The company CEO and Founder is Guido Meardi, serial patent filer and previously a Partner at McKinsey & Company. Eric Achtmann is Executive Chairman, ex Boeing, Airbus Group and BMW, who worked in the Financial Institutions (M&A) and Industry Practices at McKinsey & Company. He led Project Marlow, a multi-national consortium to revolutionize the drinks vending industry, pulling together companies including Costa Coffee, Intel, Microsoft, Pininfarina, and others.  

Rick Clucas is Head of Product Innovation. He has spent over 17 years in the semiconductor IP sector and is credited as being the inventor of the first GPU (Super-FX chip) and with being the creator of the ARC chip (he was Co-Founder at ARC Inc.). Most recently he was Head of Development at Coresonic. Engineering Delivery is the responsibility of Ilan Maarek, a former Programme Manger at Cisco Systems and NDS Development Manager. He has 20 years experience in video encoding.

The identity of the company’s Chief Scientist is being kept a secret! He is credited with having 25+ years video encoding expertise and being an early MPEG developer. He has architected multiple successful commercial encoders and was educated in Computer Engineering in Torino, his anonymous biography says.

The PERSEUS codec operates across all bit rates and quality levels (both lossless and lossy) but the efficiency benefits increase with higher resolution and higher frame rates. This is viewed as a solution for the demands of high quality, low latency encoding and it is not just for the television industry either. V-Nova is targeting medical diagnostics, video conferencing, gaming, virtual reality, aerospace and CCTV security cameras with the new technology. 

In developed television markets the use of PERSEUS could mean 4K content becoming available sooner than expected and many more HD channels as distribution costs fall, or premium soccer shown in HD over 3G networks or even 2G networks. Emerging markets will benefit especially from the extended reach for video distribution across lower bandwidth networks, whether fixed or mobile. V-Nova showed a demonstration of various resolutions on mobile devices including SD video at 300Kbps over 2G. The company believes PERSEUS could be a game-changer for OTT video, extending its reach by ten times in some emerging markets.

V-Nova reckons this is truly disruptive technology, partly because it will work on existing infrastructure. PERSEUS can be used within an MPEG-TS environment, the company said, and it can also be used on existing set-top boxes, with software updates. Those boxes require modern processing power, so this would apply to STBs deployed in the last 3-5 years.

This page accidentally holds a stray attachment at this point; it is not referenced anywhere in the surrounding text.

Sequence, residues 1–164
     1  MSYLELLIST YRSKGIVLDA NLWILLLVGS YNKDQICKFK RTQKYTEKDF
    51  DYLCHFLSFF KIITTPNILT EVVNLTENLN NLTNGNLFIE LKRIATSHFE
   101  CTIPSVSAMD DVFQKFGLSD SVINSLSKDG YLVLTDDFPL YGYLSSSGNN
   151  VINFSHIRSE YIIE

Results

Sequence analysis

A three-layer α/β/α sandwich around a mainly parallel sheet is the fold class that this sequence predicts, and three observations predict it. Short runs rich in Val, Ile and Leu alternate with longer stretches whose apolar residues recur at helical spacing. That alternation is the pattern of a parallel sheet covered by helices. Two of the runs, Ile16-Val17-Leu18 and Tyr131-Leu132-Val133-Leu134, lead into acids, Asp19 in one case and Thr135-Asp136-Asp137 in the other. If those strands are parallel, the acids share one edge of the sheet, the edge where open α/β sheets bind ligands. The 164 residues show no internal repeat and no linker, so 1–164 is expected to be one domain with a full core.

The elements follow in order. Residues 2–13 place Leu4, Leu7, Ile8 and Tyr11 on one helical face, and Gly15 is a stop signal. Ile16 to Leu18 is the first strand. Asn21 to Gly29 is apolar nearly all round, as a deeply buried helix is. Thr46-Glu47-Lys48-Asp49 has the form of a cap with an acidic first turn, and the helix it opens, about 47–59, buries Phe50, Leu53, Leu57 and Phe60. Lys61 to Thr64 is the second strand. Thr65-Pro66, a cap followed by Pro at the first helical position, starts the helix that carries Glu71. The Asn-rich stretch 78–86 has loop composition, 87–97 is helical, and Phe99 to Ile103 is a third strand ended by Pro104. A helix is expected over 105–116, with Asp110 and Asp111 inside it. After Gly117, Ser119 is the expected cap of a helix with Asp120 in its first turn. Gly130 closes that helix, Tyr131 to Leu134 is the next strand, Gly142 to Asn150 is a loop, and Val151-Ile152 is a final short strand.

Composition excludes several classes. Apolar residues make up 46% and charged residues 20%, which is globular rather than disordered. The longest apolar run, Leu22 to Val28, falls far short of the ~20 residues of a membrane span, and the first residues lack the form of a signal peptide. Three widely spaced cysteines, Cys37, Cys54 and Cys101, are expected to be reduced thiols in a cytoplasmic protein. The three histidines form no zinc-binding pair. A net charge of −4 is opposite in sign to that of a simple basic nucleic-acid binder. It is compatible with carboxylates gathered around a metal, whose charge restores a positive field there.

The codec can be used within existing workflows for online video services including to mobiles, so can be used in coordination with adaptive bit rate streaming of various flavours, existing DRM systems, origin servers, streaming servers and CDNs.  The codec will already plug into a number of players that between them reach hundreds of millions of people today, the company said at its launch.

The encoding works on standard, commercially available hardware and operating systems including current and previous generation devices. While V-Nova is licensing the codec to other encoder vendors, and has already engaged with a limited number of unnamed encoding manufacturers, V-Nova has developed its own products, too, to satisfy initial demand and current projects.

These products are appliances on commercial-of-the-shelf hardware plus software and software plug-ins within packaged solutions in partnership with alliance members like Hitachi Data Systems. There is no intention to discontinue these solutions if or when established encoding vendors license PERSEUS and the codec has started to penetrate the market. 

There are compromises on performance in order to achieve full compatibility with existing infrastructure, however. Achtmann likens the codec to a multi-fuel engine where you can use high octane fuel at the expense of compatibility or achieve greater compatibility by using ethanol. But there are still dramatic gains to be seen in all scenarios, V-Nova claims.